A long established historian of disease and pollution in the nineteenth
century city, Bill Luckin is also an international figure in the history
of the `accidental' and the origins of the risk society. In recent years
he has moved closer to academics and practitioners in the fields of
planning, transport and mobility studies. The author of several books and
numerous articles, Bill Luckin is completing a readily accessible history
of drink driving in Britain, aimed at road safety planners and activists
and general readers. The overriding concern is with what Luckin calls the
`social relations of mobility'.
This case study describes interdisciplinary impacts developed from
research of the Sustainable Energy theme. They examine conversion of
energy from alternative sources; from power generation using pyrolysis or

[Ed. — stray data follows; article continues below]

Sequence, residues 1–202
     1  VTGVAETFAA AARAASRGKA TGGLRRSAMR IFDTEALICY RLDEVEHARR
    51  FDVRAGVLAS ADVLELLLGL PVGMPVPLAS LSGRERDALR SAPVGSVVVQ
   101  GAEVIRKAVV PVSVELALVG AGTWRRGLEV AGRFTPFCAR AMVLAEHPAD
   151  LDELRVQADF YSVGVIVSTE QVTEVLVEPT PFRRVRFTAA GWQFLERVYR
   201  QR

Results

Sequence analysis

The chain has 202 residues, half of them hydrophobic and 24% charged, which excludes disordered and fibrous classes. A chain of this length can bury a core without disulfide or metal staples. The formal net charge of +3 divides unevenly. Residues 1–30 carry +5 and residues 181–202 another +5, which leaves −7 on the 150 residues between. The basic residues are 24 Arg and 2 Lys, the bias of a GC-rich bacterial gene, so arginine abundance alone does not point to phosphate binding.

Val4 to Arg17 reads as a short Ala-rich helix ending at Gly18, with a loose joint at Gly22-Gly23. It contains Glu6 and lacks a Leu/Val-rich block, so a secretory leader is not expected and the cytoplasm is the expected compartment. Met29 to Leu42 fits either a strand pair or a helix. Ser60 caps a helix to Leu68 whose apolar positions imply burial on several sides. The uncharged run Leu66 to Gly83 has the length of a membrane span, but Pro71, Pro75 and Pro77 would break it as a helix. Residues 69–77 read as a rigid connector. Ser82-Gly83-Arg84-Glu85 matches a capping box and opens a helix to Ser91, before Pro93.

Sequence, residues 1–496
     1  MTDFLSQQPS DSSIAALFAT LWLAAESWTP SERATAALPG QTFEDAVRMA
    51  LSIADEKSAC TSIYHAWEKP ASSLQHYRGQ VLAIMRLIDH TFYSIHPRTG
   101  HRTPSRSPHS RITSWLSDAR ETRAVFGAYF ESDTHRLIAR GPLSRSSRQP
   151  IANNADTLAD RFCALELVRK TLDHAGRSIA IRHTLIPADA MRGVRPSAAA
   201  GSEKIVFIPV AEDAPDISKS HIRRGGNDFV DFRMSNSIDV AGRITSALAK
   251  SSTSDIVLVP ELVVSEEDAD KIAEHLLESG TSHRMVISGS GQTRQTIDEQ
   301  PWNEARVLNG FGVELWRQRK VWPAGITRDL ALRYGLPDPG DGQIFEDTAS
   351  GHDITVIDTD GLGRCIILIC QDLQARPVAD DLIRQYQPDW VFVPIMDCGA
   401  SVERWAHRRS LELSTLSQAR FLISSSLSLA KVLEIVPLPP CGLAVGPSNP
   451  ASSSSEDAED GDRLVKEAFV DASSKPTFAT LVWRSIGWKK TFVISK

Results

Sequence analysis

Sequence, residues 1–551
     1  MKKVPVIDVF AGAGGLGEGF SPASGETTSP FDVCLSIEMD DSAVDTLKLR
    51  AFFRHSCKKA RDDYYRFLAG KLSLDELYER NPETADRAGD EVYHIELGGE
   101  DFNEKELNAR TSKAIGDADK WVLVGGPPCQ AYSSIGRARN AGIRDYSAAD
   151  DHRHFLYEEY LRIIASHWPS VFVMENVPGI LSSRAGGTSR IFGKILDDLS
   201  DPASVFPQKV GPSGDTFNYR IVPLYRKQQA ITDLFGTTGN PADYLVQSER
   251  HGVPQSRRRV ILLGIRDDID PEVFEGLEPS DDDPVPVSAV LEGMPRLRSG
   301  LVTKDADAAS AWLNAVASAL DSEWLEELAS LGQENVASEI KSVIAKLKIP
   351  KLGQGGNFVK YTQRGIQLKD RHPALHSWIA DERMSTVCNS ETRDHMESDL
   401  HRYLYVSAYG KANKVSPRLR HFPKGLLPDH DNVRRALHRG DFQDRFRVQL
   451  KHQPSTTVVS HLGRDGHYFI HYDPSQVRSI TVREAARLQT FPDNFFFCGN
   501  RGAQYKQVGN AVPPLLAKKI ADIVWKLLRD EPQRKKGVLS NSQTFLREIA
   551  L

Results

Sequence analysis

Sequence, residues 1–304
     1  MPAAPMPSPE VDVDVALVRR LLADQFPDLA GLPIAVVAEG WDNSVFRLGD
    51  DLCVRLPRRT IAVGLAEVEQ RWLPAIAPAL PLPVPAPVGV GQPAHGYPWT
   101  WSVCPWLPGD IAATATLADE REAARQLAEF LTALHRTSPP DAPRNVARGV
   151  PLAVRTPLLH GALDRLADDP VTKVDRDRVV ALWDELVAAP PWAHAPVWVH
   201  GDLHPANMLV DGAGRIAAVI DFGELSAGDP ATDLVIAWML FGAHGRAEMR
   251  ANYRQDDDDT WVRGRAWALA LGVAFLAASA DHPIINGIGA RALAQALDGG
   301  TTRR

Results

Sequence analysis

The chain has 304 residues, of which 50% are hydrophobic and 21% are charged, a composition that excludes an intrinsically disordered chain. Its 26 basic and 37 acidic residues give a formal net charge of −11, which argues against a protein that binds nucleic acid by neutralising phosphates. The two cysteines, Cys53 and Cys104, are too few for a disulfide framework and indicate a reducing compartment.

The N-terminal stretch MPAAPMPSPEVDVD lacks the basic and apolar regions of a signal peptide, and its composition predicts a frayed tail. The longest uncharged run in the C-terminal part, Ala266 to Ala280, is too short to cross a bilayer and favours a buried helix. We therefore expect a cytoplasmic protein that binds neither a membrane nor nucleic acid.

biomass burners to energy harvesting of waste heat from electronic
components. In all cases the aim is clear: to develop systems that make
sustainable energy production a reality. This has important impacts in
advancing efficiency and reliability in renewable energy technologies.
Importantly, through a number of externally funded projects, this group's
members have directly influenced local, national and international
companies and governmental bodies. In some cases influencing decisions and
having direct impact on efficiency, value from investment and even on
balance sheets. In summary, they have conducted numerous energy audits,
produced a minimum of 6 best practice case studies, influenced the
renewable strategies of at least 52 countries, regions or industries and
are recognised as the centre for biomass fuel quality assessment.